Aware Oracle 11g, login is case sensitive
During the years, Openbravo has run on top of different Oracle database versions: Oracle 9i, Oracle 10g, etc. and now Oracle 11g. While this is an additive change for the Community Edition and Openbravo Basic Network, which continue to support Oracle 10g R2 and PostgreSQL (8.1.4 or 8.3.5) as well, Oracle 11g is now embedded in Openbravo SMB Network One for 2.40.
Of course, and I am not a database administrator neither a developer though, from my honest opinion many new interesting functionalities and bug fixing are included in this new release: database catching functionalities, virtual columns, etc. up to 482 new characteristics.
As always happens, many new features require us to change the way we usually do things, for example: Oracle 11g is case sensitive when
login. What does this mean? You could spend the whole morning trying to access to your database (even locking your database user) if you don’t realize Oracle 11g is now case sensitive…
ORA-01017: invalid username/password; logon denied
When I went through, I learnt the below:
1-Oracle 11g is case sensitive
This means, you need to introduce your database user and password with the correct case. To make sure how your database is configured, using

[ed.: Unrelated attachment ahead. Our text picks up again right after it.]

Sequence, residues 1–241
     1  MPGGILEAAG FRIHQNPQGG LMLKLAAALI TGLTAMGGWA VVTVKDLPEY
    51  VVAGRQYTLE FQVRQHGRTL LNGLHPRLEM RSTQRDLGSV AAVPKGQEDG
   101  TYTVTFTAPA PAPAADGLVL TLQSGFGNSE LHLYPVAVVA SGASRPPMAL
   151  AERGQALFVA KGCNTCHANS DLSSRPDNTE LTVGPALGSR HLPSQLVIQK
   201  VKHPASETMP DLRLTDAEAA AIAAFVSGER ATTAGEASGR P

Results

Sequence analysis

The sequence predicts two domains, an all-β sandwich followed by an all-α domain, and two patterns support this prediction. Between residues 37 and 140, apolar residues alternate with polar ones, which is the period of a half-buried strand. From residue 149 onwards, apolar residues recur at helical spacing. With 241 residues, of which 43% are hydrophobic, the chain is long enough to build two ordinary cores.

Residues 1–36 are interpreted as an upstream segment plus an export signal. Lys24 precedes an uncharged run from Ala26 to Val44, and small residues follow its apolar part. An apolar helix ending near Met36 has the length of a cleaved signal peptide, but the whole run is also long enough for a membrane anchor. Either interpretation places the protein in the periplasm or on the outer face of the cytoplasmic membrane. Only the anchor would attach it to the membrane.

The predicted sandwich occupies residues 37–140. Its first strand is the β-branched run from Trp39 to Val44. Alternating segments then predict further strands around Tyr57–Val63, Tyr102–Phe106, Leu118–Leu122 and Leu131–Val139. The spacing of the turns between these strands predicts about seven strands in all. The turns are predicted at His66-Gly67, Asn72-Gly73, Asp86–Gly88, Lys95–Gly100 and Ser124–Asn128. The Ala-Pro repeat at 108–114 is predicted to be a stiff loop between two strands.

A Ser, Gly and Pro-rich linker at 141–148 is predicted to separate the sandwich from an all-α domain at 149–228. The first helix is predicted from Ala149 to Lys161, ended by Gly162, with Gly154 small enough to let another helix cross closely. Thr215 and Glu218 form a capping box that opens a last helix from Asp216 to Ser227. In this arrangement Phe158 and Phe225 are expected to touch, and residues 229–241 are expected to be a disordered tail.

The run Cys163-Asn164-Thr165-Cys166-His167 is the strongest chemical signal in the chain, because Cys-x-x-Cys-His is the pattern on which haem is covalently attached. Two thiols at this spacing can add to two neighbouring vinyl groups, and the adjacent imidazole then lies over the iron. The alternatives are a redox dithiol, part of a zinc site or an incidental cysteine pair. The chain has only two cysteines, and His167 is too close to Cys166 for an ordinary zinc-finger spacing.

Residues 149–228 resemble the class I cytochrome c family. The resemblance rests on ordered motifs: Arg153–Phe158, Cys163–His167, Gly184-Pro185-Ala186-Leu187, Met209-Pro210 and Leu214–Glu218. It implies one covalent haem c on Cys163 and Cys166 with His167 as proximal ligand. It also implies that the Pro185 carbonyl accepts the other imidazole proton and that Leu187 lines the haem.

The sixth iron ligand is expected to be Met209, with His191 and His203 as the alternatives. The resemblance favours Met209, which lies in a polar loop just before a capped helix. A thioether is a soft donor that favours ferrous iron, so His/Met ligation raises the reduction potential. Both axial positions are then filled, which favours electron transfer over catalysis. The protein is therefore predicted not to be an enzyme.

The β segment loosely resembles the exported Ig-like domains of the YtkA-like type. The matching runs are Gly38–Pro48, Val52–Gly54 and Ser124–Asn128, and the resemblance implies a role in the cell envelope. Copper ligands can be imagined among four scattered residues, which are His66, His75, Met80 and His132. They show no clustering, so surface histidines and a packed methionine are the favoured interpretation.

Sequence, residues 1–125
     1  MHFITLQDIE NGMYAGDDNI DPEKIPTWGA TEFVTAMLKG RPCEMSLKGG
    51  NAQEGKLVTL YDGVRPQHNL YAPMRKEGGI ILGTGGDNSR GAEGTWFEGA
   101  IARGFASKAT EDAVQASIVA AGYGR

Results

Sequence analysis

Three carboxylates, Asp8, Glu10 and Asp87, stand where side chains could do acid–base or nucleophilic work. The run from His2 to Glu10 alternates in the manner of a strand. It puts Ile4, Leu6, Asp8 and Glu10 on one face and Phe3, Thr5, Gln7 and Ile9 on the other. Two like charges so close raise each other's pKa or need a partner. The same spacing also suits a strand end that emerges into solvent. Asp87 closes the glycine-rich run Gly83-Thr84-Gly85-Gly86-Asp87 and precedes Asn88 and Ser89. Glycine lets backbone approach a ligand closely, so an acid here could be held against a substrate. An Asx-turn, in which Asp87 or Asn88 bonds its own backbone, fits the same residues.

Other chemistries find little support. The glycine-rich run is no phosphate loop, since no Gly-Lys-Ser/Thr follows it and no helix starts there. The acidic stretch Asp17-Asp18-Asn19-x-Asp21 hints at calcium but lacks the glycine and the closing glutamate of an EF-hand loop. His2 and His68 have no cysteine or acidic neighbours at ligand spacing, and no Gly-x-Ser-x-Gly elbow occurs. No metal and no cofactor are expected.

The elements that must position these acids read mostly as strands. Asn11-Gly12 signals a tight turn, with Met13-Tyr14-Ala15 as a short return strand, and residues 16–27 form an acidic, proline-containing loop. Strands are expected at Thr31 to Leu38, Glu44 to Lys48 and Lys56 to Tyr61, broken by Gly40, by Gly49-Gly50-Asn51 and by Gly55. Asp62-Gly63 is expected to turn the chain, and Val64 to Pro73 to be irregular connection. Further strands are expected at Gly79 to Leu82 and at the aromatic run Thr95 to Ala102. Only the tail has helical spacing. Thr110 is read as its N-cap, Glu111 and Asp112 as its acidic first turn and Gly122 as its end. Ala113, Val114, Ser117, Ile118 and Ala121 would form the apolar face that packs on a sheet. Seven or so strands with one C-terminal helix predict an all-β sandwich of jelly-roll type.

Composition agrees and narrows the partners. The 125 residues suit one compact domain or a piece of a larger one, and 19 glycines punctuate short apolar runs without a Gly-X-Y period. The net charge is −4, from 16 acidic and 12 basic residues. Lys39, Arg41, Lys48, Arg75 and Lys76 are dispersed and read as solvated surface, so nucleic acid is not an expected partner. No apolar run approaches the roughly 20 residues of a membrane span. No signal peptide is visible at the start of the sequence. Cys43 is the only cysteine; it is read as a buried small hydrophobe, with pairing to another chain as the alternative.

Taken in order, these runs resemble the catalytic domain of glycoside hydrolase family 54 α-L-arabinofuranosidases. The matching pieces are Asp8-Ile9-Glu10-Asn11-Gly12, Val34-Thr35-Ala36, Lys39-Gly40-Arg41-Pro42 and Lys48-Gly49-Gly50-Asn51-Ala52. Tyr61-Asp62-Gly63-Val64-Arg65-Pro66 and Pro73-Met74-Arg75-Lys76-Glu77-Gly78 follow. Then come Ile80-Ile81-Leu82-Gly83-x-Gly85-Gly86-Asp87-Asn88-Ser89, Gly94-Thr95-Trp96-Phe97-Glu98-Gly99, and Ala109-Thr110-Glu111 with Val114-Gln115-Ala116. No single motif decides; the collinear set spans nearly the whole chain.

SQL*Plus as database system user:
SQL> SHOW parameter sec_case_sensitive_logon;
If you want to disable/enable this function (it is enabled by default), using SQL*Plus as database system user:
SQL> ALTER SYSTEM SET SEC_CASE_SENSITIVE_LOGON = FALSE or TRUE;
This is a new parameter on this release, not an existing parameter’s new default value.
2- sqlcase can change your password when creating a new user
Furthermore, it is important to realize there is another parameter that can change your new database user’s password:
SQL> SHOW SQLCASE;
sqlcase accepts three different values: UPPER (changes password to uppercase), LOWER (to lower case) MIXED (keeps the password as it is).
Depending this parameter’s value, when creating a new database user, it changes the password’s case. And this can also confuse yourself and avoid to success the login.
3- Unlocking the database user
The third action I did, was unlocking the locked database user
Also as database system user:
SQL> ALTER USER username ACCOUNT LOCK or UNLOCK;
I hope it helps, and you don’t spend the time I spent with this little issue…